Home' Australian Pharmacist : Australian Pharmacist Sept 2013 Contents Australian Pharmacist September 2013 I ©Pharmaceutical Society of Australia Ltd.
Grant Kardachi MPS
A great deal of focus is currently being directed towards the start of
negotiations for the next Community Pharmacy Agreement, due to come into
effect in July 2015.
The Agreements are the life blood of
community pharmacy. The Fifth Agreement
allocated $15.4 billion over the life of the
Agreement for about 5,000 community
pharmacies for dispensing PBS medicines,
providing pharmacy programs and services,
and for the Community Services Obligation
arrangements with pharmaceutical
wholesalers. A commitment to maintaining
location rules for approved pharmacies is
also provided in the Agreement.
However, that Agreement did not come
without pain and saw a $1 billion cut
in government spending, a pain felt
throughout the whole pharmacy sector. In
the current economic environment we can
expect the government to look for more and
perhaps greater cuts in the next Agreement
which is why the negotiations for the sixth
Agreement will start early in the next year
and they undoubtedly will be robust.
But we don't need to sit back and wait for
the next Agreement to build and strengthen
the pharmacy profession in this difficult
environment and a clear area where we can
act now is to emphasise to governments
and decision-makers the need to more fully
utilise the skills and expertise of pharmacists
in primary care.
This was highlighted in PSA's recent election
document, Australians stay healthier PSA's
call to action on chronic disease in which
we sought to bring home the fact that
pharmacists can play a much greater role in
the prevention, treatment and management
of a range of chronic conditions including
diabetes, asthma, cardio vascular disease
and mental illness.
All of these conditions are placing increasing
demands on the healthcare system which
in turn leads to significant healthcare costs
associated with medicines, diagnostic
services, aged care, medical services and in
particular, hospital expenses.
In our document we point out that
the Commonwealth Government has
acknowledged these problems in its
National Health and Hospitals Reform
Commission report, A Healthier Future For
All Australians, in which a commitment
was made to provide more integrated and
connected care for patients across the
health and aged care system, through the
National Health Reform Agreement.
While this is to be welcomed, more can be
done and one way we can start, and start
now, is making the most of pharmacists
and their teams. I am constantly amazed
and disappointed that we have to keep
reminding Governments that we are here
and can do a whole lot more to help,
particularly in the area of prevention.
A good example is in the area of diabetes.
A recent report by the Australian Institute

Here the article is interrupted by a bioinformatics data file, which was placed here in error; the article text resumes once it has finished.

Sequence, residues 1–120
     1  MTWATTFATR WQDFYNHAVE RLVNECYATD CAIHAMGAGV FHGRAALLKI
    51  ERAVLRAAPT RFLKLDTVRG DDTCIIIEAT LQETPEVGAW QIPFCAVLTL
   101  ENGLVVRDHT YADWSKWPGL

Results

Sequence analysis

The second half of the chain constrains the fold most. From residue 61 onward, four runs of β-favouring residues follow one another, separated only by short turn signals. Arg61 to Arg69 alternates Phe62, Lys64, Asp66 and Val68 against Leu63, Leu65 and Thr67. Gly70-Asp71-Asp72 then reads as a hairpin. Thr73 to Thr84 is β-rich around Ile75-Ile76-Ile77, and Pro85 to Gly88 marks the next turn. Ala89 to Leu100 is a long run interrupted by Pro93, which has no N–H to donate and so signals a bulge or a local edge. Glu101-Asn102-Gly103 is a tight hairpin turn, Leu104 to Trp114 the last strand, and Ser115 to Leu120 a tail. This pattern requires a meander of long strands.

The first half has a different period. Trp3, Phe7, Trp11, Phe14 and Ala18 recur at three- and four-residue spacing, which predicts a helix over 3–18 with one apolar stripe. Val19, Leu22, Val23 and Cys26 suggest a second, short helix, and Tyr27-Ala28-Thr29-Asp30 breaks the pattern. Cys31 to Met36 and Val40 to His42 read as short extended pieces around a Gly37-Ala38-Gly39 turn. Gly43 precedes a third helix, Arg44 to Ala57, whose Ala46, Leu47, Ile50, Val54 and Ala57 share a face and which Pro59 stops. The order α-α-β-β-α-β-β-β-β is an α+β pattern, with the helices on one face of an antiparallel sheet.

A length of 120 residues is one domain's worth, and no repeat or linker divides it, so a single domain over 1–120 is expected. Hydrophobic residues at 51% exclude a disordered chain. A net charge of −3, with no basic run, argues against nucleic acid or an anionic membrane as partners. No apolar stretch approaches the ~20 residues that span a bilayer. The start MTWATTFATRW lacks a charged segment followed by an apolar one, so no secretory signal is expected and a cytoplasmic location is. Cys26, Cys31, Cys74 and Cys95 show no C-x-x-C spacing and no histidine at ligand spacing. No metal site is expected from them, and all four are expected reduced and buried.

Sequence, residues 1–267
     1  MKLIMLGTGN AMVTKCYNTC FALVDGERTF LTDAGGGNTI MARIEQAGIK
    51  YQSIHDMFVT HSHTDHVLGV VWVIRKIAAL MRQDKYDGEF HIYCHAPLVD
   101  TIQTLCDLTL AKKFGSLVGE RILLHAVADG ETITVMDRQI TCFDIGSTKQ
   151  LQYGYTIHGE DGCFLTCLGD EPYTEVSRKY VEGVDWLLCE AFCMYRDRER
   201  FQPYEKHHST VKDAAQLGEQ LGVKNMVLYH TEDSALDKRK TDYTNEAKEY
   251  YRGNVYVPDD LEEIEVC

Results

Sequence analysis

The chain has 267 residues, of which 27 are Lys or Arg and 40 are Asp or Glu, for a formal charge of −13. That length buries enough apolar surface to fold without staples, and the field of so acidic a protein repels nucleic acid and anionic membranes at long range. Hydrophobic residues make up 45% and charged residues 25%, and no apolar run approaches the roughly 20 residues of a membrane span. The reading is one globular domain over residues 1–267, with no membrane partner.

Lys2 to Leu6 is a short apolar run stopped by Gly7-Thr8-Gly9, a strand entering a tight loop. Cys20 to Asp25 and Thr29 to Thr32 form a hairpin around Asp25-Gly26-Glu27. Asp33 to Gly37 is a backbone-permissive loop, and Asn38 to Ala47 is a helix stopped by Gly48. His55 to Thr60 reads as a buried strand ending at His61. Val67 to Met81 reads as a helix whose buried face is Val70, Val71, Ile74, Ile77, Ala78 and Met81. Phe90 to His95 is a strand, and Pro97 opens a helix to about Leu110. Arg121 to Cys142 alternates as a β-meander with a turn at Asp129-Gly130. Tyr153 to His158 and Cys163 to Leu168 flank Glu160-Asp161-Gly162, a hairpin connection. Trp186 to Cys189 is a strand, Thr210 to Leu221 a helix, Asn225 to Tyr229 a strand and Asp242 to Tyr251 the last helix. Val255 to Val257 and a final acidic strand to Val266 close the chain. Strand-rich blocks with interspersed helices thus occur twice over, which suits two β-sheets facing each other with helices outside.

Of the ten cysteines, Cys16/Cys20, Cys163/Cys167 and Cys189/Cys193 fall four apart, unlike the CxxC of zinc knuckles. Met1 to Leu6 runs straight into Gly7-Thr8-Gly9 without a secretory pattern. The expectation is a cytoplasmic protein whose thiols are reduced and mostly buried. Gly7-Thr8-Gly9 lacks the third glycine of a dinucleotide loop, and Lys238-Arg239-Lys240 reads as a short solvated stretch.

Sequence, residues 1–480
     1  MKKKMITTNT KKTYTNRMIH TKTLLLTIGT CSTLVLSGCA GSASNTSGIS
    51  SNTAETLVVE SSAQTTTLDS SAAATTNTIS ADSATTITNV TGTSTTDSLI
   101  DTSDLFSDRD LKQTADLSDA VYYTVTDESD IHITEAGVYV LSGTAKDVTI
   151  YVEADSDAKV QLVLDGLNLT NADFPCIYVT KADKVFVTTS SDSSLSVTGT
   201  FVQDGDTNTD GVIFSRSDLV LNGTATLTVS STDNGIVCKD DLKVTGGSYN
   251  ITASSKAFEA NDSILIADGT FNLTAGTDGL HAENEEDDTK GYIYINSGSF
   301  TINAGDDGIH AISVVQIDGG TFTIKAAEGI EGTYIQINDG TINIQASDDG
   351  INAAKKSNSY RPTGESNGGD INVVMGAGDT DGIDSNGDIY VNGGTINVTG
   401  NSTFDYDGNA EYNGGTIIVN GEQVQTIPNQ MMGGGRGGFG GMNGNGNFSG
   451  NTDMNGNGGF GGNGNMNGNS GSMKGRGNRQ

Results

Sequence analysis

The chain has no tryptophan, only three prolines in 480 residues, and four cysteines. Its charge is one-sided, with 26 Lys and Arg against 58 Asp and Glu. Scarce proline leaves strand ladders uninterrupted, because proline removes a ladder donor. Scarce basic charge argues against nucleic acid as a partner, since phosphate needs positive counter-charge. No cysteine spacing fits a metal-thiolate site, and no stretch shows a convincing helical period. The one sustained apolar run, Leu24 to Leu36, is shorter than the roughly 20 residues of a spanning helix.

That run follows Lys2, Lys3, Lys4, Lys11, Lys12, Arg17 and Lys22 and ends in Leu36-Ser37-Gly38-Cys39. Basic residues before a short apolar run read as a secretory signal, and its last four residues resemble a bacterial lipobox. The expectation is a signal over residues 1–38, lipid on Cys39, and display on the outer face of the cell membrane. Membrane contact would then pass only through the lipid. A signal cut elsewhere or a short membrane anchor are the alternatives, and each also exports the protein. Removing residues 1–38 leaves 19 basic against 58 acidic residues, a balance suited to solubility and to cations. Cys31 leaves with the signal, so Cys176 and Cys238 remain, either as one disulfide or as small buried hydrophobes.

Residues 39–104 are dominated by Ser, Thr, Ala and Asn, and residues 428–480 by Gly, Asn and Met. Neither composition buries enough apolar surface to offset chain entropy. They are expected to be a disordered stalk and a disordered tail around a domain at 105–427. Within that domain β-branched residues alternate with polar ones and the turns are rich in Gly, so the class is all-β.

of Health and Welfare (AIHW) has revealed
a big increase in spending on diabetes
over recent years. Diabetes expenditure
in Australia 2008--09, shows spending on
diabetes rose by 86% between 2000-01 and
2008-09 and allocated health-care spending
on diabetes was around $1.5 billion in
2008-09, or 2.3% of all allocated healthcare
expenditure in Australia. This is an area
of health spending that needs to be
addressed, and pharmacists can make a
big contribution in preventing the onset of
the disease. We have numerous resources
that allow us to work with customers,
consumers and the community as a whole
to help prevent diabetes. These resources
can include educational campaigns,
community programs, our reinvigorated
Self Care program and in-pharmacy
counselling and advice.
This would be constructively using our
position as being among the most trusted
and accessible professionals in Australia.
We are highly qualified health professionals
yet our skills, knowledge and expertise
are all-too-often under-recognised and
under-utilised, despite constant cries from all
sectors of the community across Australia for
While we will be seeking to have our
role in primary care -- particularly in the
provision of professional services through
pharmacies -- more fully recognised in the
next Agreement, we would be failing our
profession and our consumers if we didn't
take the opportunity to make greater impact
We can and must start now and individual
pharmacies have great opportunities to
be flag bearers in our push for greater
recognition of pharmacists' skills.
We can do so much more in areas such
as the quality use of medicines, HMRs,
cardio vascular disease, diabetes, smoking
cessation, obesity -- the list goes on and on.
But it's up to us to act.
As we point out in our Australians stay
healthier PSA's call to action on chronic
disease, community pharmacies are uniquely
placed within Australian communities, and
are increasingly being recognised as a hub
for preventive health activities. We have not
made use of the full potential of pharmacists
in this area, nor have we leveraged the
existing network and infrastructure provided
by Australia's 5,200 community pharmacies
to expand the scope of services.
In fact, PSA devoted extensive resources to
the development of our Health Destination
trial in which we examined models for the
future of community pharmacies in which
the delivery of professional services assumed
a much more prominent role.
We can implement many of these services
now -- we don't have to wait, not should
we wait, for the next Agreement. In fact, I
would suggest that doing more now gives
us a much stronger bargaining position
going into the next Agreement negotiations.
If we can show we have runs on the
board, that we know how to effectively
implement and run these services, and
that there is a demonstrable health benefit
for the community then it would be hard
for any reasoned Government to ignore
THE NATIONAL PRESIDENT SAYS
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